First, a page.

Hell Breaks Loose
Portland-based roots-rock band, The Builders and the Butchers, seem to understand that good things come to those who wait. After a lengthy stint of tours and festivals, the performers took a step back and channeled their energy into eleven tracks of foot-stomping folk, written over the course of five years and several cities — the band members are strewn across the country and were forced to collaborate on a virtual plane. While distance could be seen as a hindrance, it’s no coincidence that the resulting sound feels deliberate and unhurried. Their fifth and latest album, The Spark, is stripped down in comparison to its predecessors, relying mostly on acoustics and urgent, rough-hewn vocals.
Some people just want to watch the world burn and apparently the members of The Builders and the Butchers are amongst them. “The world is a tinder box,” Ryan Sollee muses on “All Turn to Fire Pt. 2.” It’s punk-infused southern gothic with a heaping dose of pyromania. “Shine On,” although a considerably less ominous track with catchy, buoyant acoustic riffs, still flirts with destruction in the line, “I’ll light another fire so the world will burn all night.” “Never Tell” puts on display some impressive banjo plucking and feels like hell broken loose on the bayou: “Put them boys up on the pyre, fill their bodies all with fire,” Sollee growls.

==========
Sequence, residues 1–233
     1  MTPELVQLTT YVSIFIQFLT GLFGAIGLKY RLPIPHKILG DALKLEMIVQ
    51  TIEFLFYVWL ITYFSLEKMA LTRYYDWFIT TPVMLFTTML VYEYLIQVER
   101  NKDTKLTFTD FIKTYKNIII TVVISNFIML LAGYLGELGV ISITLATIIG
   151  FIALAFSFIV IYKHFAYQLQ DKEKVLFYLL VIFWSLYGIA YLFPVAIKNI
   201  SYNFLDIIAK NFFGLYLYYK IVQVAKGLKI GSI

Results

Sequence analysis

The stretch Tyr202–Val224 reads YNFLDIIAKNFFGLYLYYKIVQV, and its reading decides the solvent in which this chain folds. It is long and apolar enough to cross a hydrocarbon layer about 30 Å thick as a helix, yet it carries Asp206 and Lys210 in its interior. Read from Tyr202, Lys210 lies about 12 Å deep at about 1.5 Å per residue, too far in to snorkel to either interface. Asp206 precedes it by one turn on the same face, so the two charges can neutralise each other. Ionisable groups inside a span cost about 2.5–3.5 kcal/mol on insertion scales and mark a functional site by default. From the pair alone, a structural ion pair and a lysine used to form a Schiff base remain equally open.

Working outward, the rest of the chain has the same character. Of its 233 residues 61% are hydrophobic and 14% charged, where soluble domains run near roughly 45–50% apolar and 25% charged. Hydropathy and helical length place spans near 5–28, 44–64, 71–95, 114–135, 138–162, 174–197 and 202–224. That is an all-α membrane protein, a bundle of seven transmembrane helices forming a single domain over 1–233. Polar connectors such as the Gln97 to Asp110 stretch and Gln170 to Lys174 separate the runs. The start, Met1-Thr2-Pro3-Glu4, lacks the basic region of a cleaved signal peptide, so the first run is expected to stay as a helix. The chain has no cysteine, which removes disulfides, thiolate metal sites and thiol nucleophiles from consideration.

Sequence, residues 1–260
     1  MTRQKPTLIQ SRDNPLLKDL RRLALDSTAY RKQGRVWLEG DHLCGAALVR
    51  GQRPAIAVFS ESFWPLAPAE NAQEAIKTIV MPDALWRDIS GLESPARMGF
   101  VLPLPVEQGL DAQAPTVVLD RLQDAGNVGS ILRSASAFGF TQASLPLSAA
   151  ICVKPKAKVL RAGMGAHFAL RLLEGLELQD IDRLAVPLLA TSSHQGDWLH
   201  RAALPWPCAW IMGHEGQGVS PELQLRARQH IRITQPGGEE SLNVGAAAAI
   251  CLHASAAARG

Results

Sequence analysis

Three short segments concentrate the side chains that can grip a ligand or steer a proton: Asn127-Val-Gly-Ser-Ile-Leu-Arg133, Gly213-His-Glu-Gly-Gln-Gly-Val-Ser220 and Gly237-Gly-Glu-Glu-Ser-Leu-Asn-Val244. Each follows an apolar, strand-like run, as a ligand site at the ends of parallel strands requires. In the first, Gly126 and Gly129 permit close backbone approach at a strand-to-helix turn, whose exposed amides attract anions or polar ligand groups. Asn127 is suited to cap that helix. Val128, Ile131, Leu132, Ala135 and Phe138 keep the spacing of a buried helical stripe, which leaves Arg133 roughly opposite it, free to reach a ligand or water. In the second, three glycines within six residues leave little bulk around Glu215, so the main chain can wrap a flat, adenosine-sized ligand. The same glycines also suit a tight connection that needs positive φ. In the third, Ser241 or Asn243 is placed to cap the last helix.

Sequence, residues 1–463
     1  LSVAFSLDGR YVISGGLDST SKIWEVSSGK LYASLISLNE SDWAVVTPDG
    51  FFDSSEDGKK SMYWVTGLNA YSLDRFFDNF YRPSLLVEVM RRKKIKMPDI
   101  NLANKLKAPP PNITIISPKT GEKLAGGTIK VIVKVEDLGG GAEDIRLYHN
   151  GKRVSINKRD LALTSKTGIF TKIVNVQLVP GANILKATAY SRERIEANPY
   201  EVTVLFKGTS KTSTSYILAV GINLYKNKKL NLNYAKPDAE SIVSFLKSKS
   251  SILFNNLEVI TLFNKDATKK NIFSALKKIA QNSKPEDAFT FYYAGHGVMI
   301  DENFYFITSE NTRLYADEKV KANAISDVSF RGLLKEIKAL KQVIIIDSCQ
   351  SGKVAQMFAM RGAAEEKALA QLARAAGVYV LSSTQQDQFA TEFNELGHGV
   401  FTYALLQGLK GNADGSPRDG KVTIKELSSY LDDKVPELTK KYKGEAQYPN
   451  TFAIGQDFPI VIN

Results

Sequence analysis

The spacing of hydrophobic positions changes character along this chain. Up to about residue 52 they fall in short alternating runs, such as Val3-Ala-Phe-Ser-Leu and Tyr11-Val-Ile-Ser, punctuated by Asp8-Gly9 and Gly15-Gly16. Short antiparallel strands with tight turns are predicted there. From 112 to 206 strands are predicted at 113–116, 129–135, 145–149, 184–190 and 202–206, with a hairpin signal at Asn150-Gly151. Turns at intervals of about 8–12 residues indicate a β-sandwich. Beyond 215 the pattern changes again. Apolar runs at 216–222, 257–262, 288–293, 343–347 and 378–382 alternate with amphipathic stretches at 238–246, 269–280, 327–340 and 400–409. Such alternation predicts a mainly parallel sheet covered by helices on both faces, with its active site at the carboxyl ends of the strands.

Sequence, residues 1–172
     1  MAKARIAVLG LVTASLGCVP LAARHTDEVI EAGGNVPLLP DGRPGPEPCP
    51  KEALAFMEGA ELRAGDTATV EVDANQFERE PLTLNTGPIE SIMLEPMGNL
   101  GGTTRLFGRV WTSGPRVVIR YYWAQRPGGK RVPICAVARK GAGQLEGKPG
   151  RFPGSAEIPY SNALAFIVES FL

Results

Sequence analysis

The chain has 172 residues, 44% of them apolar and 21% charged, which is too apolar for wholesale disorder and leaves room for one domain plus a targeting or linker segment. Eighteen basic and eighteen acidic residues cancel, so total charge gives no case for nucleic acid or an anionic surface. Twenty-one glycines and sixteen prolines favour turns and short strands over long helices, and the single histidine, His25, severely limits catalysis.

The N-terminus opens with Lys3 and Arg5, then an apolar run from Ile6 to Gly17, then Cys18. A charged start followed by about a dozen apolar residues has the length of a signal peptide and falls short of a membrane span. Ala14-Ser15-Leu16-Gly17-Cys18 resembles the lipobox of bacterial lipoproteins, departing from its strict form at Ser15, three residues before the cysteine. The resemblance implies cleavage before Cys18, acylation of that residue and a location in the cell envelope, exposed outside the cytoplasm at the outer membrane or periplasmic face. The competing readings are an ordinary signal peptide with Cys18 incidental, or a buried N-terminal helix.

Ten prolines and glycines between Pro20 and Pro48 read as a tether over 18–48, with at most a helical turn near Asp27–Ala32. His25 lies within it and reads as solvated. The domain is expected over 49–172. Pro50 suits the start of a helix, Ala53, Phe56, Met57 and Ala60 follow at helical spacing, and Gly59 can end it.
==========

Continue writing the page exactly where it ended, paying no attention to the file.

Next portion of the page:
“Darker Days” pits rain against flame and the defiant energy found elsewhere on the album is conspicuously absent. The narrator simultaneously pleads for rain and rails against it. It’s the classic tale of internal struggle between sin and redemption, set against the backdrop of a gloomy countryside. “Fox,” a pastoral campfire sing-a-long of sorts, touches on mortality in a whimsical way, while “Casketlands” is a bluesy ode to futility. From the moon to fields to trees, The Spark conjures a world in which everything is flammable and redemption is just out of reach. It’s a punk-folk sermon, complete with fire and brimstone and frenetic energy.